TWENTY-NINE years later, the route directions still resonate: “You drive as far as Malin Head and reverse 10 mile”. These were given to my brother Tom in 1986 when he received an invitation to what turned out to be one of the more singular book launches he ever attended.
While the venue - Clonmany, Donegal - may be somewhat isolated from what is euphemistically called civilization, the book that was launched on that August evening is one of the more defining texts of the Irish rural experience during the 19th and 20th centuries.
Although The Last of the Name has gone through several editions since 1986, and has been translated into Irish and French, with a German translation in the offing, the new, handsome edition, allows those who have already read it a wonderful opportunity to discover new treasures therein, and those who have not already had the pleasure of reading it, the chance of losing themselves in this comprehensive, if not iconic, account of life on an isolated part of Ireland, from the late 18th century up to WWII, with barely a reference to life outside the boundaries of the narrator’s own parish.
The paperback version of this new edition has both the original English version, and the wonderful Irish language version, with the translation by Nollaig MacCongáil, interspersed by a number of essays recounting the genesis of the book and its value and impact on Clonmany. The hardback also includes a CD of Donegal and Druid actor Sean McGinley’s audio version of the book as broadcast on BBC Northern Ireland.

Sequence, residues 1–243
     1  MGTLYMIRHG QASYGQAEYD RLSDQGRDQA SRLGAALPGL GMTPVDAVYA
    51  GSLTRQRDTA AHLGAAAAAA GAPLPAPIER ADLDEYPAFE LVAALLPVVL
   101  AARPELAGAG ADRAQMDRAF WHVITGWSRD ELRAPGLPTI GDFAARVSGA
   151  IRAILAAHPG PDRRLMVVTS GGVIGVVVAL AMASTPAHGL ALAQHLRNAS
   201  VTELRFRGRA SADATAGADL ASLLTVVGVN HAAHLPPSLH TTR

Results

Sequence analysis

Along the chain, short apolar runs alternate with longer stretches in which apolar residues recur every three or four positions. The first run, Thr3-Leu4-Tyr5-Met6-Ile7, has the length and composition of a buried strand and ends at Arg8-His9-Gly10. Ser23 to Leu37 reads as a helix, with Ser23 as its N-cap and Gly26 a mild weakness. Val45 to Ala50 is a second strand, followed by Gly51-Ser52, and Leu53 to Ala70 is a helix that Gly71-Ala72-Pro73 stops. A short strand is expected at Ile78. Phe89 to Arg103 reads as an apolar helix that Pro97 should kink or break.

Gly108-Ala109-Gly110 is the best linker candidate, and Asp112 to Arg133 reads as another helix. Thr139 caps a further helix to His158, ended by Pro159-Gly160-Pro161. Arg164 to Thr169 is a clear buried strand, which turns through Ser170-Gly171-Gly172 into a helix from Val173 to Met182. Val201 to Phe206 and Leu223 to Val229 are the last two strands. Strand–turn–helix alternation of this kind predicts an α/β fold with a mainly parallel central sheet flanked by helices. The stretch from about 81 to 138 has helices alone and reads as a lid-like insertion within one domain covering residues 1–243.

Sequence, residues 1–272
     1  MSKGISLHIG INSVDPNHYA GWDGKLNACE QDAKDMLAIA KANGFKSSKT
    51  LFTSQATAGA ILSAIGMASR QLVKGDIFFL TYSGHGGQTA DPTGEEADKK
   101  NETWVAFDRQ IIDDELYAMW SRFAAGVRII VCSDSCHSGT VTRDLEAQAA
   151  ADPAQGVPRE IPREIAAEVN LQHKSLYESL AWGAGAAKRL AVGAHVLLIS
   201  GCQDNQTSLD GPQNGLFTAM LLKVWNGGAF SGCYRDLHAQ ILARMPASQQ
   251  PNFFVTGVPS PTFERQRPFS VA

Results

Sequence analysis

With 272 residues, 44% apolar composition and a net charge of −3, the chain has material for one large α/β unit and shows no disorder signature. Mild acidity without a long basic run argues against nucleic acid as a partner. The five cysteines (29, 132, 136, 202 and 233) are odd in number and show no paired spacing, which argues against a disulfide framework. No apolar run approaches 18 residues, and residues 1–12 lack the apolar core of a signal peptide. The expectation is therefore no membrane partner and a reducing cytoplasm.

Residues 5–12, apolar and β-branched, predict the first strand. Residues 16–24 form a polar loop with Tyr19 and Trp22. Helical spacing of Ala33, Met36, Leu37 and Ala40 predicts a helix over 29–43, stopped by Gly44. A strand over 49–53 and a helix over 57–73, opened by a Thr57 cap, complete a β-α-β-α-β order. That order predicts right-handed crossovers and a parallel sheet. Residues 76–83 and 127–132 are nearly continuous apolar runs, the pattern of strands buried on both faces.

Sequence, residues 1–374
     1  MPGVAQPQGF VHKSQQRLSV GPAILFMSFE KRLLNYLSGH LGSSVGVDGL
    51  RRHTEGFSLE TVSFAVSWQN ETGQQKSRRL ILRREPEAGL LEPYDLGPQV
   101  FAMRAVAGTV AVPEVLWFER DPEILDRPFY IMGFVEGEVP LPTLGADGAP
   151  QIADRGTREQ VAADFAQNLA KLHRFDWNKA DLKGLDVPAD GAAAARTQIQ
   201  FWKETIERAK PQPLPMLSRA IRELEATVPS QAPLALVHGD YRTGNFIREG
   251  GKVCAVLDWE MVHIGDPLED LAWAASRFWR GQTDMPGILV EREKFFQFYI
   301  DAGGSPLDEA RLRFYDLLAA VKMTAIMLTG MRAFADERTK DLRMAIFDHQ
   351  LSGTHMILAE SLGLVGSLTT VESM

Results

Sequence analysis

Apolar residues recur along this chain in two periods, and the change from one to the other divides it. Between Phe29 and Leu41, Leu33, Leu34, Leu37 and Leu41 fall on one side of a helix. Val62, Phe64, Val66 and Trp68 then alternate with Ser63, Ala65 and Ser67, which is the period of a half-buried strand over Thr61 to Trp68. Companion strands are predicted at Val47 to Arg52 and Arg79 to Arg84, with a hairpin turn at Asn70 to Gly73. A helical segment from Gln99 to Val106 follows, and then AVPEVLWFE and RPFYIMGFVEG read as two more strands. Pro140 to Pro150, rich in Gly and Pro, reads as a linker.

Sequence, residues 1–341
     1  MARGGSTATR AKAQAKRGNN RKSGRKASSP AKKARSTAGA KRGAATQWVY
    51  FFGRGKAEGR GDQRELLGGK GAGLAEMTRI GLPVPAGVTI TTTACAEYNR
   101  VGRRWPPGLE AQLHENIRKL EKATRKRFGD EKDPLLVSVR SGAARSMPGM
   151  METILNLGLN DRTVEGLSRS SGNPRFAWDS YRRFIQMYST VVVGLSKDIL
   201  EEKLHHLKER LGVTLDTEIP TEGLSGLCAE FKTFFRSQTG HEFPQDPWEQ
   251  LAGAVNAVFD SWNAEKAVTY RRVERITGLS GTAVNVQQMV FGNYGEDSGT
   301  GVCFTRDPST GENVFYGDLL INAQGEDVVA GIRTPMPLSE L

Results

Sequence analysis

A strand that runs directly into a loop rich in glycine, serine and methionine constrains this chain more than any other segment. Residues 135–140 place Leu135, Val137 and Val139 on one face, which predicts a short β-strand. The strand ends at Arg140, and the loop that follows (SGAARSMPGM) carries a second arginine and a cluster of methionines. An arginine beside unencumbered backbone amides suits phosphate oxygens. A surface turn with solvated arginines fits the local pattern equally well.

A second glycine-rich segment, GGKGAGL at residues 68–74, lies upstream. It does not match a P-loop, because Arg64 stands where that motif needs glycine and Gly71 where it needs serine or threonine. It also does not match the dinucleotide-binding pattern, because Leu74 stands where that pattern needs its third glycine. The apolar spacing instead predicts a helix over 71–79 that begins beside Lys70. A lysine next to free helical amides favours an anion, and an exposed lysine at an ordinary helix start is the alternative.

The genesis of the book is a story in itself. As the blurb on the back of this edition tells it Charles McGlinchy (1861-1954 ), weaver and tailor, lived his entire life on the Inishowen peninsula in Donegal. Never married, he outlived his siblings, none of whom left an heir and became “the last of the name”. McGlinchy was a natural storyteller and in the latter stages of his life, the local schoolmaster, Patrick Kavanagh, would visit McGlinchy to talk about his life and times.
Kavanagh kept a careful record of his friend’s words, it is said, in school copybooks. His son Desmond went to school in Derry where he became a friend of Seamus Heaney, a friendship that was to last a lifetime. In due course, Kavanagh showed the copybooks to Heaney who said this was a minor classic and that Brian Friel was the man to edit it.
Heaney was to say of the finished book: “The Last of the Name represents the life work of two extraordinary Inishowen men, and although it is a posthumous publication, it already feels like a minor classic. By his subtle care for the story which Charles McGlinchy had to tell and for the words he used to tell it, Patrick Kavanagh maintained the great tradition of these Irish country schoolmasters who have helped to give voice to the local cultures which they loved and served. This is a book full of emotional truth and the beauty of immediate trusting speech, overbrimming with folklore of great imaginative richness.”
From the very outset, the reader is listening to the voice of an old man who, in two simple sentences, transports us back 200 years. The tone is so intimate that all concept of time and place is lost and the magic that is being woven by words is so enthralling that, by page five, the reader is chewing McGlinchy’s tobacco and by page 10 is spitting into the fire with him.
Indeed the narrative is so engrossing that while the panorama of 200 years passes before the reader’s eyes s/he never leaves McGlinchy’s fireside. While the principal aim of the author is to have the story written down for posterity – for even then it was recognised that change was inevitable and that most of the old ways and customs would be lost forever – the book takes on a life and vigour of its own offering the reader a unique opportunity to experience a classic account of the Irish cultural experience.